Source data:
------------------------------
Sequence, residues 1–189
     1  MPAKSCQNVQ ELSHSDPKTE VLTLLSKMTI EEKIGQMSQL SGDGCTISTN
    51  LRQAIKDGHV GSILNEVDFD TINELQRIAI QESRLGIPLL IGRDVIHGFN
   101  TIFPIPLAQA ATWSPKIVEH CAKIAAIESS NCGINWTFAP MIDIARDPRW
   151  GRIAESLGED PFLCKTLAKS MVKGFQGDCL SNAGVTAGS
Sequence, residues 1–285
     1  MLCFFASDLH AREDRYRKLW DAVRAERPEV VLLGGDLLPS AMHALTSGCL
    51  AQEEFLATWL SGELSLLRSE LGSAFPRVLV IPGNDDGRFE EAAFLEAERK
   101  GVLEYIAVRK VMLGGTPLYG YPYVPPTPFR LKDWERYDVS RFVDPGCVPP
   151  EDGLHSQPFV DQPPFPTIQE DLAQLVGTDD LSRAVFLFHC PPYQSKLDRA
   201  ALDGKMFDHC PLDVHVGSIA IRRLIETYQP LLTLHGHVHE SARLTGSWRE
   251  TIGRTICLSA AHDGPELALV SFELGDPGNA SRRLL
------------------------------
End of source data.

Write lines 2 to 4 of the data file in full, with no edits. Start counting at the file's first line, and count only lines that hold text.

     1  MPAKSCQNVQ ELSHSDPKTE VLTLLSKMTI EEKIGQMSQL SGDGCTISTN
    51  LRQAIKDGHV GSILNEVDFD TINELQRIAI QESRLGIPLL IGRDVIHGFN
   101  TIFPIPLAQA ATWSPKIVEH CAKIAAIESS NCGINWTFAP MIDIARDPRW